Klassikstadt, on the outskirts of Frankfurt, is the sort of place you might dream up on a lazy Sunday afternoon. If you had, say, $60 million in cash gathering dust, you might look at this grand old factory building and think, yes, why not turn it into a slice of paradise for car obsessives and collectors everywhere?
Located on the outskirts of Frankfurt, Klassikstadt—which is German for “classic city”—is a multifaceted car haven. This enormous brick building is a kind of living museum and classic car storage facility that’s open to the public. It also houses new and classic car dealerships, mechanics and restoration facilities, a restaurant, and a model shop for all your toy-car needs.
Going for a tour is as simple as walking in the front door; it’s free for visitors. On weekends you might find car clubs gathering in the parking lot. The season-opening and -closing events in spring and fall bring in as many as 3000 guests.
At the on-site restaurant you can perhaps watch through windows as technicians wrench on a 964 Porsche 911 cabriolet while scarf down a massive plate of schnitzel. Wander down the expansive white hallway—even the floors are meticulously clean—and you’ll find a restoration shop for Mercedes classics. A very original W123 wagon is up on the lift. There’s a C3 Corvette just sitting in the hallway for no apparent reason. At the other end of the building are the local McLaren and Lamborghini dealerships. Alpine is upstairs and Bugatti is in an adjoining building.
The 172,000-square-foot brick building was built in 1910 as a factory for agricultural machinery. Since then, it’s had a colorful history, surviving both World Wars only to be used as a storage depot, a printing plant for 50 Deutsche Mark bills and, at some point, a Hell’s Angels clubhouse. After a two-year, $55 million restoration, Klassikstadt opened in 2010.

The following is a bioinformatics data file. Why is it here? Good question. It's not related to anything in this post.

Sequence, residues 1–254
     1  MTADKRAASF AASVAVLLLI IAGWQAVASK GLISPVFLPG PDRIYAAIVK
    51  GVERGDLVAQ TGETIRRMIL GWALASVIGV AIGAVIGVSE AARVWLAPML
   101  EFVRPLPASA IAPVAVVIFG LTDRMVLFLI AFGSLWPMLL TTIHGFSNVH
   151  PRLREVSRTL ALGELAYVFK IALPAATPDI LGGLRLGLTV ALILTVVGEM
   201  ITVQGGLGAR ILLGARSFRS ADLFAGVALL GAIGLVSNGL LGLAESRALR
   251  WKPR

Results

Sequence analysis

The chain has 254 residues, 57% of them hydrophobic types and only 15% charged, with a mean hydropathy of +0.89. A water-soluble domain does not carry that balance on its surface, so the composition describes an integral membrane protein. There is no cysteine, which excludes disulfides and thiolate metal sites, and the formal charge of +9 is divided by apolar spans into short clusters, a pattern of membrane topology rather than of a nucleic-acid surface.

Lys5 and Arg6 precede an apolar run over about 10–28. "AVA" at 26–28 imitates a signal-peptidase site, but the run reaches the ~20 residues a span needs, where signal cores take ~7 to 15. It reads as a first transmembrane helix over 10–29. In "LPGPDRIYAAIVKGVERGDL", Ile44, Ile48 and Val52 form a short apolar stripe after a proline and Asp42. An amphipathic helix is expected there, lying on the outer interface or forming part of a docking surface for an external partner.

Wander upstairs and you’re greeted by a Jaguar E-type parked next to an original Fiat 500, which looks to be roughly the size of the Jag’s prodigious hood. There’s also a perfect-looking 1985 Alpina B7, offered for sale at €59,500 (roughly $66,000). It’s a tough choice between that or the 1992 Mercedes 500 E, priced at €38,500 ($42,750).
Both über-sedans are being sold by Pyritz, one of the classic car dealerships that calls Klassikstadt home.
These days, most customers are genuine enthusiasts. “The investment boys are not here anymore,” says Rainer Dschüdow, who co-owns the dealership with his wife. “Five years ago, all the people were asking me what car to invest their money in. That came to the end because everyone learned a car costs money even if you don’t drive it: you need a garage, you need to service it, et cetera. Now, at the moment, the really classic driver customers, the enthusiasts, are back.”
What’s the next hot ticket? “Ahhh, I really don’t know,” Dschüdow laughs. “Right now, I think drivable cars—the ’60s, ’70s, ’80s—that’s where the market is.”
The shop certainly has a good stock of cars that fit that bill. A navy blue 1966 Maserati Mexico for €159,000 ($176,200) is dreamy but sadly out of my price range. So is a maroon Alfa Romeo Montreal. The ugly-duckling €5900 ($6500) Citroen AX Sport rally car on steelies is more realistic.
On the upper floors, most cars stored here by private collectors are kept behind large sliding glass doors; owners need not worry about visitors getting greasy fingerprints on or carelessly scratching their prized possessions. There are 350 cars here, with 100 behind glass. You’ll see a staggering variety of machinery, including everything from a 1970 Alfa Romeo Giulia Sprint GT, an original Alpine A110, a restored Ford Capri RS2600, an Audi Ur-Quattro, countless 911s of every vintage and variety, a 1969 Maserati Mistral, a Ferrari F40 and FXX, a banana-colored BMW E30 M3 and 3.0 CSL Batmobile, a Lotus Cortina and what looks like Martin Brundle’s 1987 Zakspeed Formula 1 car. The list goes on.
At any time, you may hear a 12-cylinder Ferrari or an air-cooled flat-six roar to life as an owner takes their car out for a drive. The noise echoes around the old brick building, drawing onlookers from every corner.
Klassikstadt is too great of an idea to be a one-off. There are similar facilities in Berlin and Dusseldorf called Classic Remise, and another in Stuttgart called Motorworld.
If anyone has $60-odd million lying around, we’d love to see a Klassikstadt open up in New York, or Toronto, or Los Angeles... or really anywhere else on this side of the Atlantic. Just make sure to budget for a quality schnitzel chef to complete the experience.